The Supreme Court handed a victory to former Virginia Gov. Bob McDonnell (R) on Monday, unanimously tossing out his conviction on corruption charges and his two-year prison sentence.
The court said the parties have not had an opportunity to argue whether the charges should be dismissed due to insufficient evidence, so the justices are leaving it up to a lower court to hold a retrial.
“There is no doubt that this case is distasteful. It may be worse than that,” Chief Justice John Roberts said in delivering the opinion of the court. “But our concern is not with tawdry tales of Ferraris, Rolexes and ball gowns. It instead is with the broader legal implications of the government’s boundless interpretation of the federal bribery statute.”
In appealing his conviction, McDonnell challenged the jury instructions specifically. He claimed that the district court misstated the law and the sufficiency of the evidence against him.
Because those errors occurred, the justices said the jury might have made a mistake.
“Because the jury was not correctly instructed on the meaning of an ‘official act,’ it may have convicted Gov. McDonnell for conduct that is not unlawful,” Roberts wrote in the decision. “For that reason, we cannot conclude that the errors in the jury instruction were ‘harmless beyond a reasonable doubt.’ ”
A federal grand jury in September 2014 convicted McDonnell and his wife, Maureen, on 11 counts of fraud for having accepted more than $175,000 in gifts and loans from Jonnie R. Williams Sr., an executive at the dietary supplement company Star Scientific.
The government argued that McDonnell took meetings, hosted events at the governor’s mansion and contacted staff to help Williams secure independent testing for a new tobacco-based diet supplement called Antabloc. In return, Williams showered him and Maureen with gifts that included $15,000 for their daughter’s wedding reception, the use of Williams’s Ferrari and a Rolex watch.
But the justices said arranging a meeting or hosting an event doesn’t mean McDonnell agreed to help Williams.
“The jury may have disbelieved that testimony or found other evidence that Governor McDonnell agreed to exert pressure on those officials to initiate the research studies or add Antabloc to the state health plan, but it is also possible the jury convicted Governor McDonnell without finding that he agreed to make a decisions or take an action on a properly defined ‘question, matter, cause, suit proceeding or controversy,’” their decision said.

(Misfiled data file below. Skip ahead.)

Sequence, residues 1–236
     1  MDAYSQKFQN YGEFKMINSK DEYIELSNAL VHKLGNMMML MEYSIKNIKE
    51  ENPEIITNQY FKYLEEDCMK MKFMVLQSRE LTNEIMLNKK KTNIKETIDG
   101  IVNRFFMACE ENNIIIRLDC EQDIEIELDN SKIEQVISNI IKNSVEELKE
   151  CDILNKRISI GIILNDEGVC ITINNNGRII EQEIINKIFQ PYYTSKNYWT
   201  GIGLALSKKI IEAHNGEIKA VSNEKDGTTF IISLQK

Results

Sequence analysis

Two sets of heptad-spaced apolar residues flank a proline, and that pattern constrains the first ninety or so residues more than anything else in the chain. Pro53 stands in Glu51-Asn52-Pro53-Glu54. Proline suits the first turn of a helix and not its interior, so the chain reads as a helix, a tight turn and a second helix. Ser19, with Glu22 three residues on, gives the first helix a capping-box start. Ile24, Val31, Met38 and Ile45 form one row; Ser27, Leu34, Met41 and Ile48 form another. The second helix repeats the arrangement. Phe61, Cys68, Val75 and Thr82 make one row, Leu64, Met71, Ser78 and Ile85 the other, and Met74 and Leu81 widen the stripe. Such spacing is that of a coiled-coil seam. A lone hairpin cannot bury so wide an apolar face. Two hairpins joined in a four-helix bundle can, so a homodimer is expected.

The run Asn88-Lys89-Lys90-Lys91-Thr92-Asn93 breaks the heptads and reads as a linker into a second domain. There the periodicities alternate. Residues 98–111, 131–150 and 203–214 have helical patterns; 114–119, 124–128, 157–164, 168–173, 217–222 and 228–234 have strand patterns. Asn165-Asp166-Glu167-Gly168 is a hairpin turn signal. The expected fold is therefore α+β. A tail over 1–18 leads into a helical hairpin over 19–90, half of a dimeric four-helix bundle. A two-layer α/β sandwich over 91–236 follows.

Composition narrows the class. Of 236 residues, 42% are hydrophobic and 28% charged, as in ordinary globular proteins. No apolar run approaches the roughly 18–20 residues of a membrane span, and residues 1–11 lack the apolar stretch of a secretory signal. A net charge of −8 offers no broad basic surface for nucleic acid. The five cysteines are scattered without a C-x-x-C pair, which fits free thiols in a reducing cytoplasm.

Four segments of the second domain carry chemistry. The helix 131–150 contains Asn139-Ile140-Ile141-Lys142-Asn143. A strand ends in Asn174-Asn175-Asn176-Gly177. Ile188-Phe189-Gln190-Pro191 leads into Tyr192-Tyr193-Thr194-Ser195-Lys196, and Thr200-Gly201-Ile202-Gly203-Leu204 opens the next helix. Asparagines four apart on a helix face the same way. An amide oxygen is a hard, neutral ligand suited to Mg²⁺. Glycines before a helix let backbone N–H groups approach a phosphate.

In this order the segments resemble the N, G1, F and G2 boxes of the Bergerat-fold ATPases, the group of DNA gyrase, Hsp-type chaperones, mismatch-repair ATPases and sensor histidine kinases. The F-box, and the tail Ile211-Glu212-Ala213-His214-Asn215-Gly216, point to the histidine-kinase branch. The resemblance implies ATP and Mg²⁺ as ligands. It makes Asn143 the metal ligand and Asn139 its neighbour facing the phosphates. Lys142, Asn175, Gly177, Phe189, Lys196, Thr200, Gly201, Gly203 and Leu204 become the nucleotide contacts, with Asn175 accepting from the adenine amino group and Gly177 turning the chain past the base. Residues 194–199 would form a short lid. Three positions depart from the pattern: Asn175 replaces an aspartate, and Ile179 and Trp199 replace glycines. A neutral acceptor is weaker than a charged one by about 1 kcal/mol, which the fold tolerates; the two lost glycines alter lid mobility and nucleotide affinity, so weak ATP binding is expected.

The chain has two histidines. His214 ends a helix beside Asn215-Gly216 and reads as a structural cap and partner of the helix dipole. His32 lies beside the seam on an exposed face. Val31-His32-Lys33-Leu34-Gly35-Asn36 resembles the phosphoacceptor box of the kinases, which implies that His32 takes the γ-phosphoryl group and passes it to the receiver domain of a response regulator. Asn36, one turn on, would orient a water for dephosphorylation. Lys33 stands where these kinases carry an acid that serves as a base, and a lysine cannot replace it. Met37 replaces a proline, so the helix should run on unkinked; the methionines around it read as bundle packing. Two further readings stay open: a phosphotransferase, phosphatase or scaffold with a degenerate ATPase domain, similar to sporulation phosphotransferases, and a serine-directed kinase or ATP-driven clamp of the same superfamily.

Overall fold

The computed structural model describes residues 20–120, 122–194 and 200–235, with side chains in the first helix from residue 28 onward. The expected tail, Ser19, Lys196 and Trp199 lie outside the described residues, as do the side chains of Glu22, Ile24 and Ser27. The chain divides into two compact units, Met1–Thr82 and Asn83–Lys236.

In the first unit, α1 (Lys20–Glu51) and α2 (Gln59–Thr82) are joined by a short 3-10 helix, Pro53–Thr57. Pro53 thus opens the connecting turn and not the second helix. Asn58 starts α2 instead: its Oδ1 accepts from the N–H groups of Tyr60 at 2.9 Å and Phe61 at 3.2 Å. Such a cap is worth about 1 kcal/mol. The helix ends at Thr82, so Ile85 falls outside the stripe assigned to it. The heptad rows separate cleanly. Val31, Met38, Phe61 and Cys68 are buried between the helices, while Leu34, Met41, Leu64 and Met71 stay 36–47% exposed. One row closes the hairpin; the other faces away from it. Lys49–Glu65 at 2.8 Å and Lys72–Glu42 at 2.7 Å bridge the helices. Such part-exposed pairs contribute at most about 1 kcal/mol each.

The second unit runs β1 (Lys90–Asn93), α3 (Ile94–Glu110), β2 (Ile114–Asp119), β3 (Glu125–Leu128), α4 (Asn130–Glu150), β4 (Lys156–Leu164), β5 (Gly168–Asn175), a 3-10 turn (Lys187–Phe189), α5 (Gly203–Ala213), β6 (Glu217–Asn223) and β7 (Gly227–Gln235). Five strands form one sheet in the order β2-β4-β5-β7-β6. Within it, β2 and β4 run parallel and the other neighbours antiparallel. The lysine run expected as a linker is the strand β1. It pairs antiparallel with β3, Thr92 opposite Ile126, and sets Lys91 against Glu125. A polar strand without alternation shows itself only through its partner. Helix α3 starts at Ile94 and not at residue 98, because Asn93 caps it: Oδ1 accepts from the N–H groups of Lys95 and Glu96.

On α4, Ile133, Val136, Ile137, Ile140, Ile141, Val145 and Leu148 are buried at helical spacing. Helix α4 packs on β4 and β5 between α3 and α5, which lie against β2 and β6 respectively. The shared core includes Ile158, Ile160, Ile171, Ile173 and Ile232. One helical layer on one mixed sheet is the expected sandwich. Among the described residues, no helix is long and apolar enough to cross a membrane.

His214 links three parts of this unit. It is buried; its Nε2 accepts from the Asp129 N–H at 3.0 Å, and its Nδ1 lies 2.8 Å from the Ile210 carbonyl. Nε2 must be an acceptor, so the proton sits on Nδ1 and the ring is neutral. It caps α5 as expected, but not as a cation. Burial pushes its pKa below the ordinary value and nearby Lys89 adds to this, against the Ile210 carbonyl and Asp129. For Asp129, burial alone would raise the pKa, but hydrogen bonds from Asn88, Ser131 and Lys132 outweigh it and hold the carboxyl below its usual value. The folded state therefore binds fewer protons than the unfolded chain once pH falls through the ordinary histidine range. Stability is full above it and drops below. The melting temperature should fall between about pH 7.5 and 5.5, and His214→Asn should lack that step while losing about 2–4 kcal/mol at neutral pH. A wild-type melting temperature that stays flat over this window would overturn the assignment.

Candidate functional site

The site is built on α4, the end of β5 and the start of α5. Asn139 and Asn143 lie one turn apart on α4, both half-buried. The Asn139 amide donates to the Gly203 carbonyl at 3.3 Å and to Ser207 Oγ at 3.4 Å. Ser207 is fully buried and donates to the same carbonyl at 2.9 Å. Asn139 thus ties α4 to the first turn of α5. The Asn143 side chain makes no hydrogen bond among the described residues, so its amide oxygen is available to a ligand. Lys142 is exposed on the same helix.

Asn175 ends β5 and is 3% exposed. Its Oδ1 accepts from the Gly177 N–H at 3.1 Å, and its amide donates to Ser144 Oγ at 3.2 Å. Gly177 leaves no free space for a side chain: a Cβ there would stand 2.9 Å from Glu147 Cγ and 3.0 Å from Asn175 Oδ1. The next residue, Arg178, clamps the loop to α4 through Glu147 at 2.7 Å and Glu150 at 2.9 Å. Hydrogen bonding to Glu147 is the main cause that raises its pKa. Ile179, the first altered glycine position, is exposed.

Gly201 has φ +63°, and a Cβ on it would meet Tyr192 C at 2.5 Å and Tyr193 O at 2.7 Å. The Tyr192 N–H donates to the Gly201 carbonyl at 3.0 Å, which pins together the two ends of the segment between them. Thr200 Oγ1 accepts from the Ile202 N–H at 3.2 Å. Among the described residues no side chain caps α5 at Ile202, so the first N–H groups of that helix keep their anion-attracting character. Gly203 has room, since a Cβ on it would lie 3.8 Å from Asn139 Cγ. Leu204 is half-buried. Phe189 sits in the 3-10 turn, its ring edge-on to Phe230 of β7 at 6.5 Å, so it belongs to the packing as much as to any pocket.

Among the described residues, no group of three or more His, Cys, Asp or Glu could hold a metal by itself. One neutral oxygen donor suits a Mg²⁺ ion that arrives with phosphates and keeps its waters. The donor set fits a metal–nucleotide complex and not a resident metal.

McDonnell in a statement expressed his “heartfelt gratitude” to the court.
“From the outset, I strongly asserted my innocence before God and under the law. I have not, and would not, betray the sacred trust the people of Virginia bestowed up my during 22 years in elected office,” McDonnell said.
“It is my hope that this matter will soon be over and that my family and I can begin to rebuild our lives.”
The U.S. Attorneys Office for the Eastern District of Virginia, which prosecuted McDonnell, said it was reviewing the court’s decision but had no further comment.
The justices appeared reluctant during oral arguments in April to endorse the federal government’s broad definition of an “official action” in prosecuting corruption.
Citizens for Responsibility and Ethics in Washington (CREW) was quick to chastise the Supreme Court, calling it’s ruling a “narrow reading of the law” that will “seriously impede law enforcement’s efforts to clamp down on corruption.”
“Gov. Robert McDonnell accepted nearly $200,000 in cash and luxury goods, including a Rolex watch and flights in a private jet, in exchange for using the Governor’s office to help a business,” CREW’s Executive Director Noah Brookbinder said in a statement. “The Supreme Court today held that although the governor and his aides took action—with state resources—on behalf of the business, those actions do not go far enough to constitute official actions’ without prosecutors proving still more, creating an additional hurdle before corrupt conduct is considered illegal.
The ruling, he argues, sends a message to elected officials that access to their offices can be sold.
“If you want the government to listen to you, you had better be prepared to pay up,” he said.